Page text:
Back in Time is ED’s newspaper-like column that reports an incident from the past as though it has happened just yesterday. It allows the reader to relive it several years later, on the date it had occurred.
5 April 1979, Pakistan
Pakistan is in utter dismay and sorrow today as the news of the execution of deposed Prime Minister Zulfiqar Ali Bhutto came out. People are in shock because Bhutto was widely respected and honored by the public.
He was born at Larkana in the province of Sind on January 5, 1928. He spent his last birthday, his 51st, in the cell of Rawalpindi jail, being scarcely able to eat. Bhutto was a charismatic, Western-educated leader who ruled Pakistan from 1971 to 1977.
The interior ministry announced that the deposed prime minister was hanged in the Rawalpindi Central Jail at 2 am. The ministry also informed that he was buried in the family graveyard at Naudero (in Sind) at 10:30 am.
When the burial took place, two of his uncles and his first wife, Amir Begum, whom he had married at 13, were present.
What Is Happening?
Bhutto was convicted on March 19 last year by the Lahore High Court on charges of organizing and carrying out a political murder. The four others, who were sentenced to death along with him, are still alive. Their cases are “still under review”, said an official spokesman in Islamabad.
President Zia-ul-Haq was the army commander who overthrew Bhutto in 1977. Zia rejected all appeals from Pakistan and other countries, seeking mercy for the convicted leader.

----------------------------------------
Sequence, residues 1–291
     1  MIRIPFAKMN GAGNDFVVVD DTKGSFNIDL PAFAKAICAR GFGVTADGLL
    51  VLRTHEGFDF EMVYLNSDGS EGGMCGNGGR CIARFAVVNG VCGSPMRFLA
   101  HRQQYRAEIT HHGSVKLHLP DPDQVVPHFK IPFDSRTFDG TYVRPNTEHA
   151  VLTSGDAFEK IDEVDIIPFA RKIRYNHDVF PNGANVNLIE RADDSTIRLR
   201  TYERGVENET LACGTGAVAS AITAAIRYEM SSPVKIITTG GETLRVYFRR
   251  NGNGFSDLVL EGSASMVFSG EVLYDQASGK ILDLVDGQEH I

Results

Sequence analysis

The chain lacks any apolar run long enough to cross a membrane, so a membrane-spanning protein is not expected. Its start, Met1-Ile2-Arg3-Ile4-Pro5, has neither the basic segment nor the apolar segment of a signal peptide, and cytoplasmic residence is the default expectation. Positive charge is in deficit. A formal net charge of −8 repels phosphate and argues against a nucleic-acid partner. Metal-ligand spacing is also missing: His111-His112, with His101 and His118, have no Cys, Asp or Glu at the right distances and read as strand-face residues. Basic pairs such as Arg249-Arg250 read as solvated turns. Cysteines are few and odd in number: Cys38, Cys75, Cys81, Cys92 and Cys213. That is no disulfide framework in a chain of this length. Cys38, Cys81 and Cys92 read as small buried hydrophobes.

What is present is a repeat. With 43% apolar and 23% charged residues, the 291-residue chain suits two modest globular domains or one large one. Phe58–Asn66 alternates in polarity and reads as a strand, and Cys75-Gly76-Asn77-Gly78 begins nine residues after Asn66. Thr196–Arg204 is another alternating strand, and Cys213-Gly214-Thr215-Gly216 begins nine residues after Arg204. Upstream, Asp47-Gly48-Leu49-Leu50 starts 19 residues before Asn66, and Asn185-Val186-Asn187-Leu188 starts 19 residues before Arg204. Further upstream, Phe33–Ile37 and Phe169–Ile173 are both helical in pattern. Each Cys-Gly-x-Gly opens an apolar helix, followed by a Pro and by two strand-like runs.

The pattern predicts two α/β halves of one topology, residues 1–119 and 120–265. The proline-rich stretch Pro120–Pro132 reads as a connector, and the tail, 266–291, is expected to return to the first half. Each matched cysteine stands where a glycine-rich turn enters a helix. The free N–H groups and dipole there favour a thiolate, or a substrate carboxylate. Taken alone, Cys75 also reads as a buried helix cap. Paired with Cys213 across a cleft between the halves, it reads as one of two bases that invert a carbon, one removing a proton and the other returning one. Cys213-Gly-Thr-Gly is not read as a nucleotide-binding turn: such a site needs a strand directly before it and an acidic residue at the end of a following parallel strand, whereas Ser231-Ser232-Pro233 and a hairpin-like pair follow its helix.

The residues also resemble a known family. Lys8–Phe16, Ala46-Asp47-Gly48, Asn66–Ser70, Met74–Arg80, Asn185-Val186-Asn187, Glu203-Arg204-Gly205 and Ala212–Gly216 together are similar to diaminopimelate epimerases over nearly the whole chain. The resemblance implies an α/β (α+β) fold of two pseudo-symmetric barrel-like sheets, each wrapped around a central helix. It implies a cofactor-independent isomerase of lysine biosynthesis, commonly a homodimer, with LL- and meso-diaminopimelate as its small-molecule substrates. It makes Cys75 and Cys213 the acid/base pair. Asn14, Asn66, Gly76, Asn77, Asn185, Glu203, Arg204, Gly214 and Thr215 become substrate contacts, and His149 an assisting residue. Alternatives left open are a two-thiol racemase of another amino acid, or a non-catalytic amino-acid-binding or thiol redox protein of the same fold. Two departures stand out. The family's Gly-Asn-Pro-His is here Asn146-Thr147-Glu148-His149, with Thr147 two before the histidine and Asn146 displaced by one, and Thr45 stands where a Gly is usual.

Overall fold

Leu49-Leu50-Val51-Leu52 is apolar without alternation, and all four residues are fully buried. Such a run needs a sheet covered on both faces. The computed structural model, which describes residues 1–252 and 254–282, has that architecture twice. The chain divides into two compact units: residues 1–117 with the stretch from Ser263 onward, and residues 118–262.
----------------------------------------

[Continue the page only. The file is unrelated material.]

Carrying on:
Nusrat Bhutto, Bhutto’s second wife, and his elder daughter, Benazir, are under preventive arrest. World leaders like US President Jimmy Carter and Soviet President Leonid Brezhnev had sent mercy appeals to Zia.
Indira Gandhi expressed shock at the execution of Bhutto. She said that it was obvious that Bhutto had become “victim of a conspiracy of certain vested interests within and outside Pakistan.”
Also Read: The Plight Of 1971: India Released 93,000 Pakistani POWs But Indian POWs Were Never Returned
Nearly 500 Bhutto supporters defied the martial law regulations today and were shouting anti-government slogans and battling the police in Liaqat Park.
The crowd was heard shouting “Revenge, revenge, revenge.” Some women shouted and taunted the police, “Shame on you, you couldn’t save him.” One man even warned that “Now this country will be like Iran.”
The government officers wept openly, but violent demonstrations are happening in the heavily Muslim Indian state of Kashmir, which borders Pakistan.
Zulfiqar Ali Bhutto had a deep mistrust and hatred towards India. That might be because India was seen as a threat. But somehow, Bhutto was able to strike a sympathetic chord with people in India. This was, partly, because he was the lesser evil.
Zia ul Haq’s decision to execute Zulfiqar Ali Bhutto in 1979 is seen as a significant turning point in Pakistan’s history. It is like a clue to understanding the terrible turns that Pakistan took towards Islamic militancy.
We would have seen a more positive picture of Pakistan if Bhutto had not been executed. It is possible that the story of India-Pakistan relations could have been normal.
Forty-two years is too brief for a country to know where it is headed in the future. Pakistan saw history repeat itself many times but has it learned from those mistakes? Well, this question is a difficult one to answer.
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This Post Is Tagged Under: Zulfiqar Ali Bhutto, Zia ul Haq, Pakistan, the execution of Zulfiqar Ali Bhutto, Who executed Bhutto, Why was Bhutto executed, India and Pakistan relations, Indira Gandhi, Mahatma Gandhi, Jawaharlal Nehru, Rajiv Gandhi, Narendra Modi, Prime Minister, President, Independence, a Black day for Pakistan, Islamic Militancy, Religion, Government